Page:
Jacob Mortimer was diagnosed with a rare brain tumour when he was just six months old and sadly died a few months later. While his short life was filled with love and care, Jigsaw, Cumbria’s Children’s Hospice was able to support Jacob and his family through the toughest of times.
This is Jacob’s story:
Jacob was a normal baby – fascinated by his favourite television show Sunny Bunnies (he loved the orange one called Turbo) and watching the football with his dad and big brothers.
“He liked football, but then he was going to have no choice anyways because his dad and his big brothers support Man City,” mum Andrea says.
“And, I don’t know why, he must’ve taken after my mum, but he liked 60s and 70s music. His favourite was Mr. Tambourine Man that calmed him down, and nursery rhymes, he liked nursery rhymes.”
Born into a loving family in Penrith with Andrea, dad David and six half siblings, their world would be turned upside down in early 2021 when Jacob fell ill. Jacob’s illness started when he kept being sick and with blood starting to appear and he was taken into Carlisle’s Cumberland Infirmary for checks.
“The doctor said to me ‘do you think Jacob’s head is unusually large?’. I didn’t really think so… but the doctor said his head was large and then ‘we think he has fluid on his brain’”, Andrea says.
A scan revealed fluid was on his brain and there was a blockage. There was also a growth which they couldn’t rule out being cancer at that stage. He was rushed to the Royal Victoria Infirmary (RVI) in Newcastle on February 5th where he had an operation to help drain the fluid from his brain.
However, it was a few days later that doctors confirmed to Andrea and David that Jacob did have cancer, later discovering it was a very rare, atypical teratoid rhabdoid tumour (ATRT).
Although risky, it was decided that Jacob would have an operation and when he was safely through it, he would start chemotherapy. A second round of chemotherapy followed however, there would be some bad news to come for the family.
Andrea continues: “At the end of May he had another scan and the next day we went to see the doctor. They said I’m really sorry but there’s nothing more we can do, it’s grown back. We can do another operation, we can do more chemo, but he’s already been through a lot and it would just grow back. We can’t stop it.”
Doctors said Jacob now just had a few months to live.
Jacob fell ill again and was in hospital in Middlesbrough where it was discovered the tumour had grown and staff believed he had just a couple of days left to live. The family had the choice of taking Jacob back to the RVI or to a hospice in the north east.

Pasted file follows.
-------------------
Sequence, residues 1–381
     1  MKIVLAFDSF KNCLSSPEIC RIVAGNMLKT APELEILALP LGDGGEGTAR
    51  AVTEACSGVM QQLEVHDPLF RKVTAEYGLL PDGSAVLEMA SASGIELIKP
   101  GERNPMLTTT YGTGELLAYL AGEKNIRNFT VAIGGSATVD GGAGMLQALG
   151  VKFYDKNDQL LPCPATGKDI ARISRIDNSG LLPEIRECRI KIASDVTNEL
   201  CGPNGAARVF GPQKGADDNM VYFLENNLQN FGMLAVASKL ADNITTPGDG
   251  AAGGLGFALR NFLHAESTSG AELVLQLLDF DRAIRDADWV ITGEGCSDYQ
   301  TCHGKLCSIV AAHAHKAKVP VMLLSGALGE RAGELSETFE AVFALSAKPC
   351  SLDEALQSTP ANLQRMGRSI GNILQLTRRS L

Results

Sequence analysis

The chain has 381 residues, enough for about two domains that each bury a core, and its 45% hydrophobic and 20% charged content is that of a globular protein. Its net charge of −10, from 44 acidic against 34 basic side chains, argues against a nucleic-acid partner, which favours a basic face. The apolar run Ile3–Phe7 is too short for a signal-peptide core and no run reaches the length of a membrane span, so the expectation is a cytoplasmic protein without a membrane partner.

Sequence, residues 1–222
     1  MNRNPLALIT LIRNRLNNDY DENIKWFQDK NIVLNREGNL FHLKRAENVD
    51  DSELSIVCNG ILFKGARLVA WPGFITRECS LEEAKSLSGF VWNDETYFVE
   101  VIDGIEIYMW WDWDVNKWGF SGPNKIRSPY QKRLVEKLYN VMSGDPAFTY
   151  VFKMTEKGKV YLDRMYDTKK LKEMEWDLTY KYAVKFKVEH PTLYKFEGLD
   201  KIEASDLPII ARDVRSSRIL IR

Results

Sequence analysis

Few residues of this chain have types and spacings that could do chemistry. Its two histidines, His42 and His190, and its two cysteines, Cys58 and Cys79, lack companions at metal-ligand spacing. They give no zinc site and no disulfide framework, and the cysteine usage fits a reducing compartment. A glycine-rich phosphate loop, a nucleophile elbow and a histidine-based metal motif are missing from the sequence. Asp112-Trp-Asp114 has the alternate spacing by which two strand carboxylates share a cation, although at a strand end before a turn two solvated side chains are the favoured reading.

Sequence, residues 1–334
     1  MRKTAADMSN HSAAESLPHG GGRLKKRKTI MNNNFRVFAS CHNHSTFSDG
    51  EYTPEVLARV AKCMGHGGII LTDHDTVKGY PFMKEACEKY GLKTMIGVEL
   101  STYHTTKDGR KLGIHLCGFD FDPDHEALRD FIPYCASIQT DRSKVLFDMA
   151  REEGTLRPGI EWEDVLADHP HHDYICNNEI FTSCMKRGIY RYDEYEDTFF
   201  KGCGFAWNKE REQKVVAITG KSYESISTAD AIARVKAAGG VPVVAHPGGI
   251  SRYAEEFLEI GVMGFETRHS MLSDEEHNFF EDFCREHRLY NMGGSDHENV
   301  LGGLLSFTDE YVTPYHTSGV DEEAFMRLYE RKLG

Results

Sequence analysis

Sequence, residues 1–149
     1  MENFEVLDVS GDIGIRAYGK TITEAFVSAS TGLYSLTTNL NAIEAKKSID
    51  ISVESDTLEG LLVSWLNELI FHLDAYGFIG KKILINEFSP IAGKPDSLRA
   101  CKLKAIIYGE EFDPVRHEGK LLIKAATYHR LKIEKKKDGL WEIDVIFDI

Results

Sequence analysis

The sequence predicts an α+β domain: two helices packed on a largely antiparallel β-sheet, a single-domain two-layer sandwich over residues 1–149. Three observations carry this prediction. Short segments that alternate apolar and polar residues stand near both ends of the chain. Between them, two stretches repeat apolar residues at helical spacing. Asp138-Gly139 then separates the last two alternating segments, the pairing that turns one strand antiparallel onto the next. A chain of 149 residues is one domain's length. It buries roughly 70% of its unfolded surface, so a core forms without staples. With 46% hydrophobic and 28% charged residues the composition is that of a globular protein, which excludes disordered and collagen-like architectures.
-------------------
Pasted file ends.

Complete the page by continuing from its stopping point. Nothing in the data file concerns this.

“That’s when I thought about Jigsaw, I said can we not go back to Jigsaw which is in Carlisle which would be nearer to us,” Andrea recalls.
“Even the nurses in Jigsaw didn’t think Jacob had long left, but I don’t know what happened, he just went from strength to strength. He came back to being Jacob after about three or four days in the hospice.
“We were in the hospice for about a month and they were absolutely amazing. He started smiling, he was taking more notice and really engaging with you. We’d go out on walks and he’d be awake and looking around, just the old Jacob.”
At the end of June and following the care received in Jigsaw, Jacob was well enough to be able to go home, allowing Andrea, David and the rest of the family to spend some much-needed time together that they will never forget.
“We went on a holiday to Filey with three of the boys for a week, we went to Blackpool Zoo the day before his birthday, we had a birthday party, there was a charity bike ride for him from Carlisle so we went to see all the bikes set off. We just spent some quality time with him.”
After a few weeks together at home, enjoying being a family again, it was in the middle of August that Jacob started to be unwell again and needed medical attention. Arrangements were made to go back into the hospice on the 15th.
“The staff were brilliant again, we had the same room we’d had before and we were there for about two weeks and on the 28th August he passed away,” Andrea says.
“The nurses were absolutely amazing… I thought we’d have to go home but they moved him to the Butterfly Suite and they said ‘you can stay as long as you want’. They said I could come back anytime I wanted and we went back every other day, picked him up, listened to songs with him, talk to him.”
The Butterfly Suite provides a private and peaceful bedroom and lounge, a place for families to take time to say goodbye to children after they have died.
Jacob stayed in the suite until he left Jigsaw for his funeral.
Andrea and the rest of her family cannot thank the Jigsaw staff enough for the dedicated love, care and support they showed to them during what was an incredibly tough time.
“Being in there took everything off your mind because they were cooking your meals, washing the clothes and doing everything which allowed us to focus on Jacob,” Andrea remembers fondly.
“They are just amazing. You can just focus on the person that’s ill and they do everything else. Nothing is too much trouble for the staff. They will help out wherever they can.
“When he was in the Butterfly Suite they showed us the memory boxes we could make, books you could read to him, nothing was too much trouble and if they could help you, they would. They are just angels.
“You need Jigsaw – because they’re just amazing. You need them here so you can spend time with your little ones, teenagers or whoever that is in for end-of-life care. They provided you with some respite so you can have a bit of a break to keep you as the parent going to help look after the child who is ill.”